When a friend sent us a link for a guidebook on Ethiopia’s Simien Mountain National Park, we could hardly contain our excitement. The 44-page PDF described a place that we never knew existed, a side of northern Africa that has all but disappeared. The Simien Mountain National Park is a 50 square mile stretch of land that is home to rare Ethiopian wolves, walia ibex, and gelada (red-breasted baboons) as well as hundreds of other species of animals and plants. Campgrounds are stationed between rolling hills and patches of pine trees and visitors are encouraged to trek with local guides for an experience that is said to be spectacular. Cultural immersion is also provided as visitors are given the opportunity to respectfully mingle with locals in nearby villages.
The guidebook painted a delightful picture of what to expect when visiting the park: While trekking, you will be treated to magnificent views of the famous Simien escarpments as you travel through the Afroalpine habitat. Wildlife includes the walia ibex, which is found nowhere else in the world, the iconic Ethiopian wolf and the gelada as well as a wealth of bird species. Following the rewarding experience of the highland routes, the trip then takes you on a more off-the-beaten-track route to the lowland parts of the park through the villages of Mekarebya, Mulit and Adi Arkay. This route also gives you a chance to see the other side of the highland scenery with the opportunity to mingle with local people and discover their ways of life. (For a detailed illustration of one person’s experience in this park, check out the blog Desert to Jungle.)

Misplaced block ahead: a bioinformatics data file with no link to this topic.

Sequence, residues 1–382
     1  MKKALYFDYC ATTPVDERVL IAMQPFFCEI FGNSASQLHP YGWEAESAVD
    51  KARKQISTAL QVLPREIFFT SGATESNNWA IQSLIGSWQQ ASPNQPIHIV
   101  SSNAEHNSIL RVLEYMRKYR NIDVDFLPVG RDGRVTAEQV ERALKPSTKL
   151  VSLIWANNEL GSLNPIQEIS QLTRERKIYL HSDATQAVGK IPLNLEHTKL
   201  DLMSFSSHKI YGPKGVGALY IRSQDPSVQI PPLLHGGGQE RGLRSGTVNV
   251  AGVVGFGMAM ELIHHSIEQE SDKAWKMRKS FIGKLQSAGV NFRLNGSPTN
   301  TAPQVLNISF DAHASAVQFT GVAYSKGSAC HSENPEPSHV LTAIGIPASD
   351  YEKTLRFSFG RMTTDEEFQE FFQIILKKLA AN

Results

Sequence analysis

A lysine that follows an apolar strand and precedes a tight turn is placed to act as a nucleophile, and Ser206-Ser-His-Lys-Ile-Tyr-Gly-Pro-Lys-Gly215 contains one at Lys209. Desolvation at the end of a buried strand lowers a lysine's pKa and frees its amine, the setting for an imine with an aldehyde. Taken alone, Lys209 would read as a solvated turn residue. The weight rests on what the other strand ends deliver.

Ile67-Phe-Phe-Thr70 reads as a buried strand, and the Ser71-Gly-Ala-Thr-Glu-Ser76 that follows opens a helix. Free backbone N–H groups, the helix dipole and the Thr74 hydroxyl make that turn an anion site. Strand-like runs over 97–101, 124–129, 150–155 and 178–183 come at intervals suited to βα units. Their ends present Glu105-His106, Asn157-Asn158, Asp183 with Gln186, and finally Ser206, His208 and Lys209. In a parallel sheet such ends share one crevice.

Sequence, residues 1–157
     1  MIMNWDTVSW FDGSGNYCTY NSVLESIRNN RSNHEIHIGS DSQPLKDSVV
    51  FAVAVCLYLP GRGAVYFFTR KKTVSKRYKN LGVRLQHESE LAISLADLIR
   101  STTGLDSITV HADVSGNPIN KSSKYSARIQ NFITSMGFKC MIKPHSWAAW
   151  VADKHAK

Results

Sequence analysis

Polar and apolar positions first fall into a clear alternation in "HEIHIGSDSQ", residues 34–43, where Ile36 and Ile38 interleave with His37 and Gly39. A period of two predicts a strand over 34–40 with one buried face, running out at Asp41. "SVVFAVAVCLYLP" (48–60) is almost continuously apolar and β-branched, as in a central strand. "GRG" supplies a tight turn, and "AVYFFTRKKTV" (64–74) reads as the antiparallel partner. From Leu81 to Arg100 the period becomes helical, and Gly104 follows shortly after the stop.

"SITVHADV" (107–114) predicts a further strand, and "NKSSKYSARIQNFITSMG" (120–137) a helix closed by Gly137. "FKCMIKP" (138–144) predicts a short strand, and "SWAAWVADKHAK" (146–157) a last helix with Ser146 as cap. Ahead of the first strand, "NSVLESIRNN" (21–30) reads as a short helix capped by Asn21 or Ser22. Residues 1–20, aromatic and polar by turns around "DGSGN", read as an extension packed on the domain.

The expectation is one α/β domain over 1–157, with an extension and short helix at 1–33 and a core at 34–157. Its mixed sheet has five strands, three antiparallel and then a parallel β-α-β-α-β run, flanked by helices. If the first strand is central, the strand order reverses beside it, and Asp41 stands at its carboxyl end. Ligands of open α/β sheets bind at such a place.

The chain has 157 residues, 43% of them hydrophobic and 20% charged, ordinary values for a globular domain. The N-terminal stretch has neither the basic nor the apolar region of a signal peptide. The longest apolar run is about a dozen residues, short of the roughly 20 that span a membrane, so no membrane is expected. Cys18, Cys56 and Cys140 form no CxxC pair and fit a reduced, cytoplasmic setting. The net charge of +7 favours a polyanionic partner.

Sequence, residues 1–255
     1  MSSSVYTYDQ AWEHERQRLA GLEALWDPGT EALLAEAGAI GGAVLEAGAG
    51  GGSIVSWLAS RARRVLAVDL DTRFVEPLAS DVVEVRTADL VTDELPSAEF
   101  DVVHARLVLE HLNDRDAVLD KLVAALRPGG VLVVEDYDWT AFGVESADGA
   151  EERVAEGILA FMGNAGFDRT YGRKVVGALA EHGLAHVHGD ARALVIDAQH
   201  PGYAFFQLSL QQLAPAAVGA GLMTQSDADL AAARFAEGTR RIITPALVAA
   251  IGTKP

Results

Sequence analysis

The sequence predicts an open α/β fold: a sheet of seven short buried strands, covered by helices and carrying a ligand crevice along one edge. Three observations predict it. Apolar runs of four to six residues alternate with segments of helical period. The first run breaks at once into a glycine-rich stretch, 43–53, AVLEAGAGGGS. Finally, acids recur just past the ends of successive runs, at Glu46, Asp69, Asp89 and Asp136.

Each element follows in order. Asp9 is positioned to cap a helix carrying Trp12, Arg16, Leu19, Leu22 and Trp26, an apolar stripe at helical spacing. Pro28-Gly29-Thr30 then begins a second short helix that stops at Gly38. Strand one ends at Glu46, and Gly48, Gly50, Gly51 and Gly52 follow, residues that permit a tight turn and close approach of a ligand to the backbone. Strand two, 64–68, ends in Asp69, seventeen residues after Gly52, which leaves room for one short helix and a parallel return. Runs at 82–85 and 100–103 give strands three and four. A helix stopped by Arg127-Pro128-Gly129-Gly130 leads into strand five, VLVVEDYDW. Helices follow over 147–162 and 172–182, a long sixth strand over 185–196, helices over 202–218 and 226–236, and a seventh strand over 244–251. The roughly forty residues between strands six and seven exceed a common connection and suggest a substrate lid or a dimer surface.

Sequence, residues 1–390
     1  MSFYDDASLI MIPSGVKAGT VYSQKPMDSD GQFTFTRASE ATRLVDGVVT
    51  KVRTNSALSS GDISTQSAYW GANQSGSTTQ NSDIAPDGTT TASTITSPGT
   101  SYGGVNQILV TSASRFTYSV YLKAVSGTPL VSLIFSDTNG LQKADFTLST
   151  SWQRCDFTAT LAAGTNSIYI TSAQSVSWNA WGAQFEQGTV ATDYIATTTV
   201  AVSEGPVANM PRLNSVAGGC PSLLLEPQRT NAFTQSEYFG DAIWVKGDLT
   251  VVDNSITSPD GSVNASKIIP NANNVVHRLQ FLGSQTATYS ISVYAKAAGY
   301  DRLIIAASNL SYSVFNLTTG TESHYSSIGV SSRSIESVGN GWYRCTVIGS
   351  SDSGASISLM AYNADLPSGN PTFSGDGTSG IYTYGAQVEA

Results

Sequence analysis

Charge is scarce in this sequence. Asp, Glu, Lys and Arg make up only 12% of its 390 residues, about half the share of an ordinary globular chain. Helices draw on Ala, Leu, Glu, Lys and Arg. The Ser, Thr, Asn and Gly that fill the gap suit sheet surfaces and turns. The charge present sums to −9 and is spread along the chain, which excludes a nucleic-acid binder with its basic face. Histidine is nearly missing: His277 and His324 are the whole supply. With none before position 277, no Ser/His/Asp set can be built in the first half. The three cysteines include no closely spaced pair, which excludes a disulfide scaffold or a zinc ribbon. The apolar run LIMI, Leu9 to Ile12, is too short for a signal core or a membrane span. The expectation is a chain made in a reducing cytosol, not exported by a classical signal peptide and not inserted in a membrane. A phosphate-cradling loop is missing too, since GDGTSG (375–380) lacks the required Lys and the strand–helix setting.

Although the park was formally established in 1966, the land has been managed since 1944. According to Eliza Richman and Biniyam Admassu, the authors of the Simien Mountain National Park Guidebook, “The area was then a royal hunting ground and when the Department of Forestry was established that year, conservation efforts focused on the regulation of game hunting. However, as hunting increased and the growing population put increasing pressure on land and resource use, it became apparent that wildlife conservation areas such as the Simien Mountains needed to be formally established to conserve these precious resources.”
With help from a strengthening economy and efforts in ecotourism, the park has increased its borders and established conservation and social justice programs that are working toward sequestering carbon emissions, stabilizing the climate and supplying water to local communities. There is also talk of an eco-lodge that will be built for those who aren’t fond of sleeping in tents or under the stars. Sounds like a great place to visit, right? We thought so too. That’s why we decided to add it to our list of places to investigate and feature as soon as possible.